Like everything in stock art world, natural gas power plants are beautiful at sunset. | Shutterstock Bloomberg would supercharge the EPA to get rid of coal and block new natural gas. This piece was originally published on December 17 and has been lightly updated. Billionaire Michael Bloomberg is a problematic presidential candidate for all sorts of reasons. Progressives are irritated that he is attempting to brute-force his way into the Democratic primary by spending more on ad campaigns than the rest of the primary field combined. Then there’s his lamentable record on civil liberties and race relations. And the fact that he was a Republican as New York City mayor, he endorsed George W. Bush’s 2004 reelection, and he has given money to and hosted fundraisers for Republicans as recently as 2018. When it comes to climate change, however, Bloomberg’s record is almost entirely positive. He was instrumental in standing up and funding the Sierra Club’s Beyond Coal campaign, which has been one of the most ruthlessly effective activist campaigns of my lifetime. Recently, the Associated Press, in a “fact check,” rebutted the notion that Bloomberg is single-handedly responsible for all recent coal-plant closures — and it’s true, market forces helped, as did government policy. But everyone who has paid attention to the power sector knows that the kind of activist pressure he has supported frequently makes the difference at the margin. More recently, Bloomberg pledged $500 million to an expanded Beyond Carbon campaign, which will shoot for a 100 percent clean-energy economy, taking on not only coal but also natural gas, the next key battle in US decarbonization. This fact has not received enough attention — if Bloomberg brings the same discipline and credibility to the anti-natural gas fight that he brought to the anti-coal fight, it could help shift the national landscape. Which brings us to the Bloomberg presidential campaign’s first policy proposal on climate change, released in December. (In January, he released a second plan to make buildings zero carbon by 2025.) The first plan is worth noting for just this reason: It explicitly targets natural gas. We’ll also replace existing gas plants – and stop the construction of new ones. This is critical to stopping the worst effects of climate change because gas is now a bigger source of climate pollution than coal, and emissions from gas are growing.— Mike Bloomberg (@MikeBloomberg) December 13, 2019 The premise of Bloomberg’s campaign is that he is an experienced, level-headed executive, ready to run things with a steady hand. In keeping with that theme, his plan for clean electricity — which targets 80 percent greenhouse gas emission reductions in the power sector by 2028 “moving toward 100% as soon as possible thereafter” — focuses entirely on executive powers. It presumes no legislative help. It contains only achievable promises, consistent with what can be done by a president, acting alone, within a president’s term. That is somewhat in contrast to the sweeping, speculative plans from the other candidates, and likely to make the plan unpopular among activists, but it is nonetheless a good perspective into what any Democratic president could do if Congress goes the wrong way. Let’s take a look. Bloomberg would supercharge the EPA to get rid of coal and block new natural gas There are several pieces to the plan, including financial support for clean energy technologies, removing fossil fuel subsidies from the tax code, a moratorium on new fossil fuel leases on public land, restoring scientific integrity at the EPA, and putting frontline communities and environmental justice at the heart of federal planning. But the two pieces I want to focus on have to do with coal and natural gas. Specifically, Bloomberg promises to shut down the remaining 251 US coal plants and replace them with clean energy. And he promises to “stop the rush to build all proposed gas plants.” Coal plants will be shut down by “increasingly stringent emissions and pollution limits.” Elsewhere, he promises to restore and strengthen all the rules that Trump has been rolling back, so presumably those limits will include tightened regulations on mercury and air toxics, coal ash, SO2 and NOx, and other air and water pollutants. But the centerpiece, according to campaign advisers, will be a version 2.0 of Obama’s Clean Power Plan (which Trump has also rolled back), targeting 80 percent power-sector carbon reductions by 2028, as well as sharp reductions in local pollutants like SO2 and NOx. As part of our Beyond Coal campaign, we’ve closed more than half of the coal plants in the country - even with President Trump working against us. We’ve set a goal of retiring all of them and replacing coal with clean energy sources.— Mike Bloomberg (@MikeBloomberg) December 13, 2019 A new CPP that stringent, focused primarily on public health, would wipe out coal power plants. But it would also hit natural gas plants. In addition, to head off the current incoming rush of new natural gas plants, Bloomberg’s EPA would issue a draft New Source Performance Standard (something else Obama did that Trump rolled back), which would require all new power plants to use the best available technology — namely, carbon capture and sequestration (CCS) — to reduce GHG emissions (along with NOx, etc.). That would, at a stroke, cancel 99 percent of those new natural gas plants. (Who knows, maybe a plant or two will figure out how to make CCS feasible.) And because of a quirk of the Clean Air Act, a draft New Source Performance Standards (NSPS) has the force of law as soon as it is issued, but it can’t be challenged in court until it is finalized, which is one reason industry loathes the NSPS provision. (Coal baron Robert Murray took this to the Supreme Court and lost.) Companies will have to begin aligning their future plans around the NSPS the moment a draft is issued. There are also other tools in the executive toolbox with which to go after natural gas, including national ambient air quality standards (NAAQS) for NOx, soot, and ozone, but it is mainly the combination of the CPP2.0 and the NSPS that would take out coal and natural gas. This is a targeted approach, going after the polluters in the sector, putting public health out front. It lacks a certain inspiration factor, but it has the considerable virtue of being something that a president — at least a president willing to hire good people and invest political capital — has a high probability of being able to accomplish. All executive actions will face court challenge Of course any new rules from a Bloomberg EPA would immediately face legal challenge, many of them would end up in the Supreme Court, and the Supreme Court shows every sign of being hostile to environmental and climate change rules. There is a decent chance a Roberts Court would kill some or all of any activist EPA’s efforts. However, there are some countervailing considerations. First, what the hell else is a president going to do? While Congress mucks around, or just as likely does nothing, a president has to act on the priorities that got him or her elected. Using the powers of the presidency entails court review. The rules can be thoughtful and legally solid, but there’s ultimately not much the president can do if federal or Supreme Court judges choose to act as a partisan enforcers. (There’s no word on whether Bloomberg would support more radical measures like packing the Supreme Court or the federal courts.) Mandel Ngan/AFP/Getty Images Not a hopeful alliance for climate hawks. Second, if there’s one thing to learn from Obama’s experience, it’s that deliberate, careful sequencing gets you nowhere. Obama didn’t pull the trigger on EPA carbon regulationsuntil it was beyond clear that there would be no climate change legislation. Many carbon-related rules didn’t have time to go into effect or be upheld in court. In retrospect, Obama should have done what Trump has done: blitzed. Do everything at once. Overwhelm the capacity of opponents to focus. For Bloomberg, that could mean a whole suite of new agency rules, all at once, alongside whatever may be going on legislatively. The Supreme Court simply doesn’t have the capacity to hear more than a fraction of the resulting lawsuits, and in federal courts, despite the hack judges McConnell is churning out, the legal defenders of Obama regulations have racked up a solid record. Campaign advisers also note that rules premised on public health have a longer and more robust record than carbon-focused rules. Third, even as cases wind their way through the courts, companies will be realigning around the new targets. That’s what happened around Obama’s CPP, and although that rule ultimately never received a decisive court judgment, companies began shifting their business plans in response. Consequently, next year the US will reach the initial CPP goal — 32 percent power-sector carbon reductions from 2005 levels by 2030 — a decade early. The same would happen in response to a CPP2.0 targeting 80 percent reductions by 2028, issued early in the next president’s term. By 2024, or whenever the case finally reached the Supreme Court, companies will have realigned around the new direction (which will be reinforced by renewed international climate efforts). What to take away from Bloomberg’s plan I don’t personally think much of the idea of Bloomberg as president and I don’t think he has much of a shot anyway — he failed to qualify for the next debates — but on climate policy, perhaps uniquely among policy issues (save gun control), it is worth listening to what he proposes. He is an unconventional face for an environmental campaign and has, for better or worse, brought attention and credibility to the fight against fossil fuels among audiences environmentalists can’t always reach. Having followed politics for years, I am intensely skeptical of claims that executive experience is any special preparation for the presidency. (Both George W. Bush and Donald Trump promised to “run the government like a business,” so ...) But Bloomberg’s executive experience really does seem to have helped the Beyond Coal campaign. As its leaders were the first to say, Bloomberg helped focus the campaign relentlessly on data and accountability, imposing a discipline that is, ahem, not always present in the nonprofit advocacy world. And it paid off — almost 300 plants, more than half the US fleet, have shut down. “In God we trust, everyone else bring data.” @MikeBloomberg #Bloomberg2020— N.C. for Mike (@NCforMike) December 15, 2019 The Bloomberg plan promises “incentives for innovations in data and technology to monitor and analyze sources of pollution, enabling stronger enforcement against polluters.” This suggests he wants to bring that same data-focused accountability back to the EPA. If he, or any president, can do that successfully, it would make a huge difference. Bloomberg has more climate policy on the way. The campaign has also pledged to target 50 percent economy-wide emission reductions by 2030, a more ambitious goal that will certainly require some help from Congress, especially in hard-to-reach sectors like industry and agriculture, but it hasn’t released any policy details on that stuff yet. Still, a practical but ambitious plan to use the EPA — to prevent a rush to natural gas plants, to drive coal underground for good, and to accelerate a clean-energy transition in the power sector — should be on the agenda of any new Democratic president. And it should get underway on day one, whatever broader legislative efforts may unfold alongside it.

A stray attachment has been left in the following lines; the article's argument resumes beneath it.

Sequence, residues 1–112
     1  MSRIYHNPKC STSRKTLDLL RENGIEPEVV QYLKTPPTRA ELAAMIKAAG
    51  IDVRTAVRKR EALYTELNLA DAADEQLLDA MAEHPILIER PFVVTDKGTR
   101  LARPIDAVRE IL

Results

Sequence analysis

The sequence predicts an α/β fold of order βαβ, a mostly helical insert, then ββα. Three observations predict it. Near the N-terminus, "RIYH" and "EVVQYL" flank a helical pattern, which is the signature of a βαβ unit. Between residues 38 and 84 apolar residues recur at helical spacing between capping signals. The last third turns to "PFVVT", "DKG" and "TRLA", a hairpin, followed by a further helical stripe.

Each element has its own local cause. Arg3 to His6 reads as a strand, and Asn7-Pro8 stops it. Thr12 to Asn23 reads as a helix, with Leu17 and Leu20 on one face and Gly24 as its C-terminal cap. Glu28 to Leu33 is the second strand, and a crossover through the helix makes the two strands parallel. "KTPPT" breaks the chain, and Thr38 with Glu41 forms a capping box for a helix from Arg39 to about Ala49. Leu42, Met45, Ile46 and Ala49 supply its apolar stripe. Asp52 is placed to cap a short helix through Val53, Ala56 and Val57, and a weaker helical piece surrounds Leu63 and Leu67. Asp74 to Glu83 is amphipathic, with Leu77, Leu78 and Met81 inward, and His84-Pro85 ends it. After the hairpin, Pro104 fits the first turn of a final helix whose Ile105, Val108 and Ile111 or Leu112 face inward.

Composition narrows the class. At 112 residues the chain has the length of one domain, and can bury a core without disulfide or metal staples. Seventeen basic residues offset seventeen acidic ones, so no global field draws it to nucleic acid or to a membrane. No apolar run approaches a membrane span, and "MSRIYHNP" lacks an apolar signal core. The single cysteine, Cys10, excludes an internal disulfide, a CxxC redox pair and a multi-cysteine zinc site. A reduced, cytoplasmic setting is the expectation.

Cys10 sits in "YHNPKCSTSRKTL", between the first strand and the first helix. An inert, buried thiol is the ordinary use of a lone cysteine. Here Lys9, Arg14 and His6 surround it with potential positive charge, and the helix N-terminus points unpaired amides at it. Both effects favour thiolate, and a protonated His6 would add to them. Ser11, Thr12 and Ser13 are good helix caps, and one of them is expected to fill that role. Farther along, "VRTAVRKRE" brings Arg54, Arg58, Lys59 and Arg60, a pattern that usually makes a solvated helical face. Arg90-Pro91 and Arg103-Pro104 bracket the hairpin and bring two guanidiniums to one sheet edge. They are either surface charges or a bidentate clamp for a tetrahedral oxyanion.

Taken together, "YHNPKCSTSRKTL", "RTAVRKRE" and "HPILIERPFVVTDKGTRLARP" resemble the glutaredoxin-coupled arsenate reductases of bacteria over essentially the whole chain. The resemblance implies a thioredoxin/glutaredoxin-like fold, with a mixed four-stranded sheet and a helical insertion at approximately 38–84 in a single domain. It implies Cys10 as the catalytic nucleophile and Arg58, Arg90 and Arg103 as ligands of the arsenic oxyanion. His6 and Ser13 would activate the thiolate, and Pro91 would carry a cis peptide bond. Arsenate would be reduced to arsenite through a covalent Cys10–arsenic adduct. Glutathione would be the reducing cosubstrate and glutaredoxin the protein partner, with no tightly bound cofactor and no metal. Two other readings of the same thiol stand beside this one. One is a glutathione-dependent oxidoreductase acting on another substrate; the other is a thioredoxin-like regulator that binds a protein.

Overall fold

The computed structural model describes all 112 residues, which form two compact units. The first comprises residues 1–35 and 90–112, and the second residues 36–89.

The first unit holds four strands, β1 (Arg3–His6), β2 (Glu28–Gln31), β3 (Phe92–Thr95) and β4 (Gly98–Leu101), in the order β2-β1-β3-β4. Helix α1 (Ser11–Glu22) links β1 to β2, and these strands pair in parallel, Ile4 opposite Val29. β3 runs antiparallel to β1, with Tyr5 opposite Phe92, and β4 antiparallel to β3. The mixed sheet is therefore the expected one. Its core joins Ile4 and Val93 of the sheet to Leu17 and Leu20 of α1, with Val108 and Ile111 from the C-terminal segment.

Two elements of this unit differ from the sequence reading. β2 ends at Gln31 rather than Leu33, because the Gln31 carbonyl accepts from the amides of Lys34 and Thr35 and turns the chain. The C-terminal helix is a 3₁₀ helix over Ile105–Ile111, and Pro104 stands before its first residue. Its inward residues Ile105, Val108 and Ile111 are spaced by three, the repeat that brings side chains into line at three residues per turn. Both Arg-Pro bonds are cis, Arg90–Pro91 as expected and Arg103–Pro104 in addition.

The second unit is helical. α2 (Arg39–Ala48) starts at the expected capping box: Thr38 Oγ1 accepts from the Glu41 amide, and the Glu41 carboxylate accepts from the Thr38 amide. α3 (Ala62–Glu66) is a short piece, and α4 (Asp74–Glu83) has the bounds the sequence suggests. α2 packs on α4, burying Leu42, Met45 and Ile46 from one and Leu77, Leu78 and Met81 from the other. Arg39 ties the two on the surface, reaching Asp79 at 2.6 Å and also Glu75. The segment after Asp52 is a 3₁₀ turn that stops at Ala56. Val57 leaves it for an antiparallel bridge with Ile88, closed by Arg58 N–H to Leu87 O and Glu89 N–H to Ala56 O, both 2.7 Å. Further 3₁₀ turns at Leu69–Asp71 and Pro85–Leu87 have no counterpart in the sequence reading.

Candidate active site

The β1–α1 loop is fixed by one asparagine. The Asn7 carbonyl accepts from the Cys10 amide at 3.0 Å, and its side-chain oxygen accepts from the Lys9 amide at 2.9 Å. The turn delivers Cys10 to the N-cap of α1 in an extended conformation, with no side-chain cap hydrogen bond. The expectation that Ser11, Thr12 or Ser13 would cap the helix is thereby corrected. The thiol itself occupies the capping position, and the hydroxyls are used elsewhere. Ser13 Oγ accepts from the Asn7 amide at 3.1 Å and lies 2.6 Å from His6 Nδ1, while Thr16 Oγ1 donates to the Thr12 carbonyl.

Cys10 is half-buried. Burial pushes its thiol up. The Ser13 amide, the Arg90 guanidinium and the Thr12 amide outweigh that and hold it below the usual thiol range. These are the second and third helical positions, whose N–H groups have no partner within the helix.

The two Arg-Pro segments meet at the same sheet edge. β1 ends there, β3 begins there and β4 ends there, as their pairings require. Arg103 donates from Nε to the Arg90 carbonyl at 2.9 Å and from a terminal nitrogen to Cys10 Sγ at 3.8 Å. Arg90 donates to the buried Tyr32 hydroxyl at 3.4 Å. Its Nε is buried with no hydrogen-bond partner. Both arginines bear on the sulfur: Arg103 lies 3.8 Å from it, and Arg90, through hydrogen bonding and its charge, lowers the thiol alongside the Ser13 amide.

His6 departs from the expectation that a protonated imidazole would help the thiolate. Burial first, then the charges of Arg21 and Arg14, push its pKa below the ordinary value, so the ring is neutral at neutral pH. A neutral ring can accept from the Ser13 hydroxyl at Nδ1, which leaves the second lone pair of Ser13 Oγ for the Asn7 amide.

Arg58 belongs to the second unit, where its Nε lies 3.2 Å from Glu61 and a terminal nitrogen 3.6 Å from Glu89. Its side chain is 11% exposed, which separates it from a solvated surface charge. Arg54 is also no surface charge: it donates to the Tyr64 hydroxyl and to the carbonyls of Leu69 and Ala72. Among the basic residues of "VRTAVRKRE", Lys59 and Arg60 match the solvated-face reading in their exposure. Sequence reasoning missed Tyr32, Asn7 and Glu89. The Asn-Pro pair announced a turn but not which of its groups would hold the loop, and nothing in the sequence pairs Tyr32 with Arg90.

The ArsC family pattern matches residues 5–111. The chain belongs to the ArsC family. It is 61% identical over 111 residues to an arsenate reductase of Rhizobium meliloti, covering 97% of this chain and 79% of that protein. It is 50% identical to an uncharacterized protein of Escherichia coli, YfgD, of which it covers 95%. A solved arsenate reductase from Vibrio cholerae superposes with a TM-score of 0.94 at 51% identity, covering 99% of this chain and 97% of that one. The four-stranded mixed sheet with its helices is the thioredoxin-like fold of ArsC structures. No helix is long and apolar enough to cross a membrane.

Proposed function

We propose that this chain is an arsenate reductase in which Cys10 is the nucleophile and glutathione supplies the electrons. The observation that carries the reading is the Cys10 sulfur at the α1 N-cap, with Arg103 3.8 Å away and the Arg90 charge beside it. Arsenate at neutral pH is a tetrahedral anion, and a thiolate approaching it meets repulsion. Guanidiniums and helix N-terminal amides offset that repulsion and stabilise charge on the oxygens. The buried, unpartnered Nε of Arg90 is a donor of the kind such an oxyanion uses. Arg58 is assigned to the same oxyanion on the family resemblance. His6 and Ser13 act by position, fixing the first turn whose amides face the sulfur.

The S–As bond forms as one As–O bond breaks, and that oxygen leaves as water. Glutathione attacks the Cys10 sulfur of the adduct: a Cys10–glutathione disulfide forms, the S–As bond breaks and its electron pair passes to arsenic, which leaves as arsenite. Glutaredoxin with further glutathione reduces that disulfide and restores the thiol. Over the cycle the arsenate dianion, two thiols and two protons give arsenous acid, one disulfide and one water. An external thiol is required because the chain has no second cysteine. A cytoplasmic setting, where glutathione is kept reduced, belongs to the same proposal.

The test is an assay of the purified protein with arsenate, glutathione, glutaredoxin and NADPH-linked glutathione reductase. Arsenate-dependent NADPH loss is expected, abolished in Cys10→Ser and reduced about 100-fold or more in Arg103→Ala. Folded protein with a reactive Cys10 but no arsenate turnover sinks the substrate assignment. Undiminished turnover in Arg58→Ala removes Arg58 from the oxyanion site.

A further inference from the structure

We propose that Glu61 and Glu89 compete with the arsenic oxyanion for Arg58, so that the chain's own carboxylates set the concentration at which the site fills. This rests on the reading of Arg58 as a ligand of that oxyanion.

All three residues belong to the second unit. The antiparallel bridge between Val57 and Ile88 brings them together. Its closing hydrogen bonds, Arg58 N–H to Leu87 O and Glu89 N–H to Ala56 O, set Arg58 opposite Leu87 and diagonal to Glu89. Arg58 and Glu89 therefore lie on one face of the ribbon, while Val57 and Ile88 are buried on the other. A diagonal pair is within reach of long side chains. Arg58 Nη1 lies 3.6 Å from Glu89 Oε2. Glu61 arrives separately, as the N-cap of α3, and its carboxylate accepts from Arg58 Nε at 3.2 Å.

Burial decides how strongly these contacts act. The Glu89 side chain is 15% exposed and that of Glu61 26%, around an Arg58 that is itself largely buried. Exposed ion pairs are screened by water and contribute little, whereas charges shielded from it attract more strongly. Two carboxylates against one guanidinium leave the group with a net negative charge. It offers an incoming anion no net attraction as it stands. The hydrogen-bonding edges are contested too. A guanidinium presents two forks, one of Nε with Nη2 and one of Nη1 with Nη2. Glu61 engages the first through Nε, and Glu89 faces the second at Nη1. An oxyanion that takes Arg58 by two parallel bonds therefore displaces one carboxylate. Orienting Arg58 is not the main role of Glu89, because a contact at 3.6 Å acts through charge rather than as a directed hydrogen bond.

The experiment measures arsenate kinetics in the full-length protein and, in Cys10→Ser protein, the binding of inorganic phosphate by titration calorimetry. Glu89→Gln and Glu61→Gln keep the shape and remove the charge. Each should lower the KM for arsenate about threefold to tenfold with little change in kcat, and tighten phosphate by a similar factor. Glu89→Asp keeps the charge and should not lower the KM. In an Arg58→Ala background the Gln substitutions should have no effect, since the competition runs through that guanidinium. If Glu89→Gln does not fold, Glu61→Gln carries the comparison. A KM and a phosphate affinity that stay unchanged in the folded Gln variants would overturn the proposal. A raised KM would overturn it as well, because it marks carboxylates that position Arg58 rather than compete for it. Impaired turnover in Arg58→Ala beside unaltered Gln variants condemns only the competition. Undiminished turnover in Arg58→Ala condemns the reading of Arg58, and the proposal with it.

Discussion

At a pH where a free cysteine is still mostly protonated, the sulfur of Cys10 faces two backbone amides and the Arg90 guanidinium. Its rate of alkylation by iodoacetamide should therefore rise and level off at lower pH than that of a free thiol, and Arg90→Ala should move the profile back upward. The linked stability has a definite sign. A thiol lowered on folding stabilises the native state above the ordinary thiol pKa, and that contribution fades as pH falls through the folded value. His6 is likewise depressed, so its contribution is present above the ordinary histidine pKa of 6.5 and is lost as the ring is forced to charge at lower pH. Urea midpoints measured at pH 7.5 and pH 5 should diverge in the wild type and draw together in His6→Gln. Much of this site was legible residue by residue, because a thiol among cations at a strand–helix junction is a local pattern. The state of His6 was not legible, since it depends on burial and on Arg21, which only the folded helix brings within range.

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Everywhere basic income has been tried, in one map